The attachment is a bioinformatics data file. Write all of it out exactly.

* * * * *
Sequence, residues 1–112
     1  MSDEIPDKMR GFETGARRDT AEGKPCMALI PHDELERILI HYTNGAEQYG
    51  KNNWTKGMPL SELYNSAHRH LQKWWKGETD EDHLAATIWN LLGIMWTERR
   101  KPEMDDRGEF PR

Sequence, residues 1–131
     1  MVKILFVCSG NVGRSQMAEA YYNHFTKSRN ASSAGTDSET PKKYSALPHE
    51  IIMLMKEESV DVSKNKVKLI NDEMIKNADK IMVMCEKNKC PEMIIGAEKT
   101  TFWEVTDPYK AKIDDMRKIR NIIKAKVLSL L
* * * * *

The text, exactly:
Sequence, residues 1–112
     1  MSDEIPDKMR GFETGARRDT AEGKPCMALI PHDELERILI HYTNGAEQYG
    51  KNNWTKGMPL SELYNSAHRH LQKWWKGETD EDHLAATIWN LLGIMWTERR
   101  KPEMDDRGEF PR

Sequence, residues 1–131
     1  MVKILFVCSG NVGRSQMAEA YYNHFTKSRN ASSAGTDSET PKKYSALPHE
    51  IIMLMKEESV DVSKNKVKLI NDEMIKNADK IMVMCEKNKC PEMIIGAEKT
   101  TFWEVTDPYK AKIDDMRKIR NIIKAKVLSL L